My friend Gaby posted some pictures she found on QQ of someone’s DIY conversion of 2 lighters into some cute little motorcycle models. Pretty awesome. It’s in Chinese, but here’s a link to the guys microblog.
If you’re in the UK and want to get a Stencil8 tooling block, Nick Johnson has a Tindie campaign going. Please note, this is not my campaign. Stencil8 is open source and this is an enterprising maker trying to provide access to others at cost.
I’ve been playing with different techniques lately, and I may have found an even easier/cheaper way to align your stencil with your PCB using the PCB itself as a fixture.
This technique has the advantage that you don’t need a tooling block. It also means you can use a frameless stencil which can be much cheaper. The downside is that the pins aren’t securely fastened and the stencil can wiggle around during application. I haven’t confirmed it, but I think that can be fixed by using tape to hold everything down while you apply the paste.
I’ve spent the past year and a half living in China without any prior experience speaking Mandarin. It’s been a bit of a struggle, but its really not too hard. Over at Haxlr8r.com, I’ve compiled a list of the top 8 tools I’ve used to get by and even learn a little bit on the way. Even if you’re not planning on moving to China in the future, this list may be useful to you in some way. Enjoy!
My name is Zachary Smith aka Hoeken. I have been building 3D printers since 2007 as part of the RepRap project. I created a non-profit foundation (the RRRF) dedicated to pushing open source 3D printing forward. In 2009, I invited my friends Adam Mayer and Bre Pettis to go into business with me building 3D printers. Thus, MakerBot Industries was born. Fast forward to April, 2012 when I was forced out of the very same company. As a result, I have zero transparency into the internal workings of the company that I founded. See this article by Chris Thompson for more infomation.
I do not support any move that restricts the open nature of the MakerBot hardware, electronics, software, firmware, or other open projects. MakerBot was built on a foundation of open hardware projects such as RepRap and Arduino, as well as using many open software projects for development of our own software. I remain a staunch supporter of the open source movement, and I believe the ideals and goals of OSHW remain true. I have never wavered from this stance, and I hope that I never do. Future me, beware.
I have been withholding judgement until hearing official word regarding the open source nature of the latest MakerBot printer. I’m trying to contact people to find out what the real scoop is but so far nobody is talking, and my ex-partners are not returning phone calls or emails. It certainly doesn’t look good. The best information I have found is a load of corporate double-speak bullshit that has come to characterize my interactions with MakerBot in recent memory.
If these allegations do prove true, it would be a sad day indeed for the open hardware movement. Not only would it be a loss of a large Open Hardware manufacturer, but it would also be a loss of a poster child for the movement. Many people have pointed at MakerBot and said “Yes, OSHW is viable as a business model, look at how successful MakerBot is.” If they close those doors, then it would give people who would say OSHW is not sustainable ammunition for their arguments. It would also discourage new OSHW companies from forming. That is a sad thing indeed.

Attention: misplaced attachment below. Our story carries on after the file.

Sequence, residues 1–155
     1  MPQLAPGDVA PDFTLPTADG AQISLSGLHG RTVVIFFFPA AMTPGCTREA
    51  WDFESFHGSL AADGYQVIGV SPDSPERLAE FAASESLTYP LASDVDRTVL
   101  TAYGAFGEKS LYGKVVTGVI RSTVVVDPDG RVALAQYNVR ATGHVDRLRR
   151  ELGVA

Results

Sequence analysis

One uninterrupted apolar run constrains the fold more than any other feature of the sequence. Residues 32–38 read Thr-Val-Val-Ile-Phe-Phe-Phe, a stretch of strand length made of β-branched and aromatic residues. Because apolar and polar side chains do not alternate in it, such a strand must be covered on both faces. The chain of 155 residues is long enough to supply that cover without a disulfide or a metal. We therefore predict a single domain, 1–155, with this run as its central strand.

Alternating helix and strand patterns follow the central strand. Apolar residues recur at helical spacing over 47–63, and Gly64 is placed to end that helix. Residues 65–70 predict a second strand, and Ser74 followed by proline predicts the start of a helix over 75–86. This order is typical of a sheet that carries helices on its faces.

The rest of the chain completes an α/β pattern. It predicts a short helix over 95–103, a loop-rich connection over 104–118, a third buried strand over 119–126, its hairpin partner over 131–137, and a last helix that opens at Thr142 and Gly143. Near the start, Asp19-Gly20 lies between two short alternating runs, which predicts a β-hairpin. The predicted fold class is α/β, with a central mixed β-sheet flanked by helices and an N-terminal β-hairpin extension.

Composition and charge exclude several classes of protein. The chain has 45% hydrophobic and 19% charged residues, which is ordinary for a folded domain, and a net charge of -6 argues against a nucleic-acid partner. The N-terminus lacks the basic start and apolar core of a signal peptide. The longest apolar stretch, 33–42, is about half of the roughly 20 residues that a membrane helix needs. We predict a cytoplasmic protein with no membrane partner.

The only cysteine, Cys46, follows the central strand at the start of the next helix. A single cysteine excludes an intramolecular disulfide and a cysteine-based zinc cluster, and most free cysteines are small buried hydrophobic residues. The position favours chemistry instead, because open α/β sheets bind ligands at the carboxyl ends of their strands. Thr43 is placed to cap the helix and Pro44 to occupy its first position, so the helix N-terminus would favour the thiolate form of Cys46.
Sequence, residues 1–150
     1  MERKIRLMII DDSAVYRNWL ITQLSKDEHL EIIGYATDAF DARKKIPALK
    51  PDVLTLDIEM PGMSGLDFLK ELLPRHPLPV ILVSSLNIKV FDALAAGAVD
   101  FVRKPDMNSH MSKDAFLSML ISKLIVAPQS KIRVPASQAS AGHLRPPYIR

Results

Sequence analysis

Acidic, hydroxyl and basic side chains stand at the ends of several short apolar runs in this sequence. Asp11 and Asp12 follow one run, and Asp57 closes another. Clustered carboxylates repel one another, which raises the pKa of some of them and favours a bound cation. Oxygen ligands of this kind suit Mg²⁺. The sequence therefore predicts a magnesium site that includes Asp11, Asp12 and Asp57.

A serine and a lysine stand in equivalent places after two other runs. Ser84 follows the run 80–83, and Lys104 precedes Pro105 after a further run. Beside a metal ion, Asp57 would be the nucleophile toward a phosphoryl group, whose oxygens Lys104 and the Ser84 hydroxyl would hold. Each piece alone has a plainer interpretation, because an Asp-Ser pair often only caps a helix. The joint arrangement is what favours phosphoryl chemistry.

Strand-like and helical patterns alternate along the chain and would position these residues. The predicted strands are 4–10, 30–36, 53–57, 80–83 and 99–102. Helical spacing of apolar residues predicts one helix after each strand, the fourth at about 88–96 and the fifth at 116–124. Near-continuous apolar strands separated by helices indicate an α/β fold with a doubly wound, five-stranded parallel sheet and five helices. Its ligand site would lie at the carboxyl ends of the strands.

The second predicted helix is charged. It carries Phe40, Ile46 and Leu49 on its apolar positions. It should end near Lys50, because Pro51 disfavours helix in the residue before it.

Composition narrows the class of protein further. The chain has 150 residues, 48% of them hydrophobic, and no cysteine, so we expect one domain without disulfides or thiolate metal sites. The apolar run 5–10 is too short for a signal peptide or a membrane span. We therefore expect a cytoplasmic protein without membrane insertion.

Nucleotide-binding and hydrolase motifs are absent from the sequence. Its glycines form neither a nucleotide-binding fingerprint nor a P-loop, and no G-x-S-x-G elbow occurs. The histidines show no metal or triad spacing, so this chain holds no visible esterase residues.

For me, personally, I look at a move to closed source as the ultimate betrayal. When I was forced out, it was a normal, if unfortunate, clash of wills where one person must stay and one person must go. I swallowed my ego and left, because I knew that the company I founded would carry my ideals further into the world. Regardless of our differences, I had assumed that Bre would continue to follow the principles that we founded the company on, and the same principles that played a major part in the success of our company. Moving from an open model to a closed model is contrary to everything that I stand for, and as a co-founder of MakerBot Industries, it makes me ashamed to have my name associated with it.
Bre Pettis, please prove me wrong by clarifying exactly what license MakerBot will be releasing the design files and software under. That is all we (the community) wants.
In closing, I would like to point out the Open Source Hardware Definition, which MakerBot has endorsed. This document spells out in very clear terms what it means to be an open hardware company. I’ll leave this here for you to ponder:
Open source hardware is hardware whose design is made publicly available so that anyone can study, modify, distribute, make, and sell the design or hardware based on that design. The hardware’s source, the design from which it is made, is available in the preferred format for making modifications to it. Ideally, open source hardware uses readily-available components and materials, standard processes, open infrastructure, unrestricted content, and open-source design tools to maximize the ability of individuals to make and use hardware. Open source hardware gives people the freedom to control their technology while sharing knowledge and encouraging commerce through the open exchange of designs.